In our day, this passage has little relevance and evokes little emotion or feeling, as compared to the former audiences. The historical gap is great, and our cultural/political situation is not at all similar to that of the Jews in first century Palestine. Even the content of what was spoken does not apply to us. Jesus told the Twelve that they were not to preach to the Gentiles, but only to the Jews (10:5-6). Since this time, however, the Gentiles have been evangelized. Most of the church is comprised of Gentiles in our day.

Jesus also commanded the Twelve to leave behind their valuables and accessories (10:9-10). This too has little relavence to us, because we know that this was a temporal charge. Jesus later commanded His disciples to do otherwise (Luke 22:35-36). Some of what was spoken only had temporal relevance. This is not to say that we can not get anything out of what was spoken and done, but that it does not directly apply to us, and therefore, we generally will not attach much importance or value to it.

Discovering an author's flow of thought in any discourse is very crucial to understanding the author's original intent. This becomes even more important when an author takes someone's words and actions that were spoken and occurred at various times and selectively strings them together. We must then determine how the author was using the words and actions of the story figure to make his literary point, whatever that point may be. Concerning Matthew 10, it seems that Matthew's point of relating the contents of this chapter was to show the transition from Jesus' solo ministry, to include that of the Twelve.

The backdrop for chapter ten is seen in chapters eight and nine. These two chapters are filled with accounts of Jesus ministering to the sick and the devil-possessed. We also see accounts of those who desired to be disciples. The healings accounted for are a leper (8:2-4), the centurion's servant (8:5-13), Peter's mother-in-law (8:14-15), those brought to Jesus in Capernaum (8:16), a man of palsy (9:2-8), the woman with the issue of blood (9:20-22), Jairus' daughter (9:18-19, 23-26), and a deaf man (9:32-34). He cast devils out of those in Capernaum (8:16), the two men of Gergesa (8:28-34), and a deaf man (9:32-34). During this time Jesus had two requests for discipleship. A scribe and another man requested discipleship but seem to have been rejected (8:19-22). Later Jesus requested that Matthew accept the call to discipleship (9:9).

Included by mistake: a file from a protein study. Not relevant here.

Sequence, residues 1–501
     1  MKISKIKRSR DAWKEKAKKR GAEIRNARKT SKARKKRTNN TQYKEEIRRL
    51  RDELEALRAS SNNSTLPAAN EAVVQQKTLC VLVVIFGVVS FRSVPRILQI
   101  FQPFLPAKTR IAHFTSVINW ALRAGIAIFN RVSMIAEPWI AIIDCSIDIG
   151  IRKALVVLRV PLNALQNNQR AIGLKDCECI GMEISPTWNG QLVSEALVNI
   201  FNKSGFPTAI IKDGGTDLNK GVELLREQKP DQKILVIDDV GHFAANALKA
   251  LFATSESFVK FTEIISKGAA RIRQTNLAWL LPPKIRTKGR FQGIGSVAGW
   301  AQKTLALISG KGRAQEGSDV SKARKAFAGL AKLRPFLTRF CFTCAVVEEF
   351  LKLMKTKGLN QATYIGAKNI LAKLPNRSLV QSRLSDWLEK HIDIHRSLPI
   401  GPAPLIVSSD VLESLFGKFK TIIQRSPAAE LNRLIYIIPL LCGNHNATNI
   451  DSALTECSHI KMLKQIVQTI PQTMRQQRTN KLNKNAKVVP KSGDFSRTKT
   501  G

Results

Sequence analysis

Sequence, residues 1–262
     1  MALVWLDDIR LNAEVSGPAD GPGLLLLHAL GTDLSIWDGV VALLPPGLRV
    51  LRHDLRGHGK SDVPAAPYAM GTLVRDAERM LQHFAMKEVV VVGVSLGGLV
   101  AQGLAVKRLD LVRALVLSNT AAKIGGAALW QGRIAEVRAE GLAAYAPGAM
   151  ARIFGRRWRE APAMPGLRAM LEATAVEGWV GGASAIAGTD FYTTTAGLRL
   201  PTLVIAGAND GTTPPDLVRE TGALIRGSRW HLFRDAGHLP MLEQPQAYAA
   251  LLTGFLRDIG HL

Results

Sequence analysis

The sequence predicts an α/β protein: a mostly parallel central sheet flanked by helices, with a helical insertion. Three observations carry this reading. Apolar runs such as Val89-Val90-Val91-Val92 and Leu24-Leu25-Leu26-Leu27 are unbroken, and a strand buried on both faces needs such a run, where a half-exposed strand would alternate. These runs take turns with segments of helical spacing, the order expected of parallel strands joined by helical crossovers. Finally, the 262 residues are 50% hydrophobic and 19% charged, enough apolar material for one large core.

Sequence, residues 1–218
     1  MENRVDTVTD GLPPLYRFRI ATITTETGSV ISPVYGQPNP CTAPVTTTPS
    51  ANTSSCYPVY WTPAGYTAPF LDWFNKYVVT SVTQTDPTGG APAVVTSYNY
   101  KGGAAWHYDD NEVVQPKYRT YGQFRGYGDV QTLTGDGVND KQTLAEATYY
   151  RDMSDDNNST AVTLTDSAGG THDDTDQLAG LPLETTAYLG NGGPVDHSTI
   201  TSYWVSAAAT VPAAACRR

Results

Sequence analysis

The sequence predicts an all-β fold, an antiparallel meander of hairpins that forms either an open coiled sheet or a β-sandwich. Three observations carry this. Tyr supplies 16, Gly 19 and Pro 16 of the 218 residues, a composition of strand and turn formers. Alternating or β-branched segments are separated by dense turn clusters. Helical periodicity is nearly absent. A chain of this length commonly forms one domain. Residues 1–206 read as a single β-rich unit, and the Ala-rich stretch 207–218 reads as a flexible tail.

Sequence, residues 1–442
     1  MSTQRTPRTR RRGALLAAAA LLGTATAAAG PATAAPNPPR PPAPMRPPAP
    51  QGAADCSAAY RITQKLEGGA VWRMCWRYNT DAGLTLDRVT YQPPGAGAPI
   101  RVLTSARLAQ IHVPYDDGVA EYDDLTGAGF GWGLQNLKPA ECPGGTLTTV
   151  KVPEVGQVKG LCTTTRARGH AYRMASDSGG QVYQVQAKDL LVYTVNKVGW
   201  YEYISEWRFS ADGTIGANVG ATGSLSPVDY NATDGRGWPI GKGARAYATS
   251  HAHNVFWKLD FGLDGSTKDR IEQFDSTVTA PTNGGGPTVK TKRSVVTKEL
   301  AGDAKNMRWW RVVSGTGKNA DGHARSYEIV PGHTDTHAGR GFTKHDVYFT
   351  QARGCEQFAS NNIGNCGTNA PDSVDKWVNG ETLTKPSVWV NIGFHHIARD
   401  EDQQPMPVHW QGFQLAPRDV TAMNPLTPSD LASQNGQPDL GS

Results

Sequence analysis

Matthew 9:35 sums up the two chapters by saying, "And Jesus went about all the cities and villages, teaching in their synagogues, and preaching the gospel of the kingdom, and healing every sickness and every disease among the people." When Jesus saw the multitudes who needed a shepherd, His heart went out to them (9:36). It was at this point that Jesus told His disciples to pray for laborers to be sent into the field of harvest (9:37-38). Jesus was pushing Himself to His full human capacity. He had exhausted His capacity to minister to the multitudes and now needed assistance. It was at this point that the Twelve were selected in chapter ten. Their job was to do what Jesus had been doing alone up to that point: preaching the kingdom of heaven (10:7), casting out unclean spirits, and healing (10:1).


The relevance of any given Biblical text can vary because of the historical/cultural/political gap that separates us and the Biblical writers. What may have had a lot of relevance to others in the past may have little relevance to us today, or vice-versa. The relevance of Matthew 10 to Jesus' disciples was great because it involved them particularly. The relevance to Matthew's audience would have been less significant, but still would have been fairly high due to the persecution they were suffering at the time. The relevance of Matthew 10 to us today is very little in comparison to the above groups; nevertheless, there are still things that can be learned from the passage and that we can benefit from. Finally, Matthew 10 is preceded by the context of Jesus' exhaustive ministry. Matthew intended to show from chapter ten how Jesus began to multiply His ministry, and the cost of discipleship.